Pull it, carry it or put it over your head. Those are the basic lifting movements. Deadlifting, one of the most, if not the most useful overall exercise is a pulling movement and there are many other variations and exercises that pull, like rows.
The flip side to that coin are pushing exercises, like military presses, push presses and jerks.
These, like the pulling movements are also compound, thus highly beneficial even though the weights handled are considerably less. They require healthy shoulders to perform and some have mistakenly claimed that you should not do overheads past the age of 35. At 53, with formerly battered shoulders, I generally disagree. Of course, in life, there are some limitations and plenty that can go wrong with the shoulder joint so maybe what you need to do first is rehab those relatively delicate joints with mobility exercises as advocated by the likes of Pavel and Eric Cressey.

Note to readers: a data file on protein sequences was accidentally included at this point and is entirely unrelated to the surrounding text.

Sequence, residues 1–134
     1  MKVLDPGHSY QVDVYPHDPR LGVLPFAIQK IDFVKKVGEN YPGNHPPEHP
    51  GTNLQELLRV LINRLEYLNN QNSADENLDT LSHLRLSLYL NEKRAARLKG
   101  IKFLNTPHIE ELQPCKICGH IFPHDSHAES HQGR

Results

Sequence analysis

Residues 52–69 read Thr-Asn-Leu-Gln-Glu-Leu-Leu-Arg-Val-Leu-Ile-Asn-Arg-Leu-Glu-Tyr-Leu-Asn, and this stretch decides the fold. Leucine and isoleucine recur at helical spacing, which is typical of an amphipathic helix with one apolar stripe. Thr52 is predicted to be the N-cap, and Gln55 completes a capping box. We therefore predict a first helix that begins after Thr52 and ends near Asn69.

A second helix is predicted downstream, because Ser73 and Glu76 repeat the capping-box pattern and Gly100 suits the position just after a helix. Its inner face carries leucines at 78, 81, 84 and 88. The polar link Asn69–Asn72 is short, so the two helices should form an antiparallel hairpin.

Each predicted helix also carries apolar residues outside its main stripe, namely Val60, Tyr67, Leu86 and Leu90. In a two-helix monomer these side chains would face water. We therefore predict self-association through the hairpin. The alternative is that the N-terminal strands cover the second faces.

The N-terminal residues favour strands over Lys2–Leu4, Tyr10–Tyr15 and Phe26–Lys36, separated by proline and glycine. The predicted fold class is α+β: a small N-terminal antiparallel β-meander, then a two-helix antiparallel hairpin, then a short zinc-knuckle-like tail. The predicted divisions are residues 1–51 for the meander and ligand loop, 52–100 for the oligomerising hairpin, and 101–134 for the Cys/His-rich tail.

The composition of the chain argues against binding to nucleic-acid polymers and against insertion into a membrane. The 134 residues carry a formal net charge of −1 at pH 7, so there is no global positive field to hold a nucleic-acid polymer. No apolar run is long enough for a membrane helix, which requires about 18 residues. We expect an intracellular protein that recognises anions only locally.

You may need to learn or review the proper technique of overhead pressing before you think about increasing the weight on the bar. Adam, at Mens Garage has a valuable checklist of pointers you will need to know and master.
There are a variety of implements to press, so try them all from barbells, dumbells, kettlebells, sandbags, strongman logs and even big rocks. But be cautious of your shoulder training. Crossfit trainer, Steve Serrano says you need to “treat your shoulders like glass”. My own shoulders went from being my weakest link to…not. (I have plenty of others?!
My distance running running girlfriend, Val, also loves the overhead and she says her overall strength has improved as has her mobility and core strength. She also noted that her posture has improved as a result of doing dumbbell presses and dumbbell squat thrusts.
Mix up your overhead work and make them an integral part of your lifting regimen and do I have to remind you to ignore the shoulder press machines in the gym?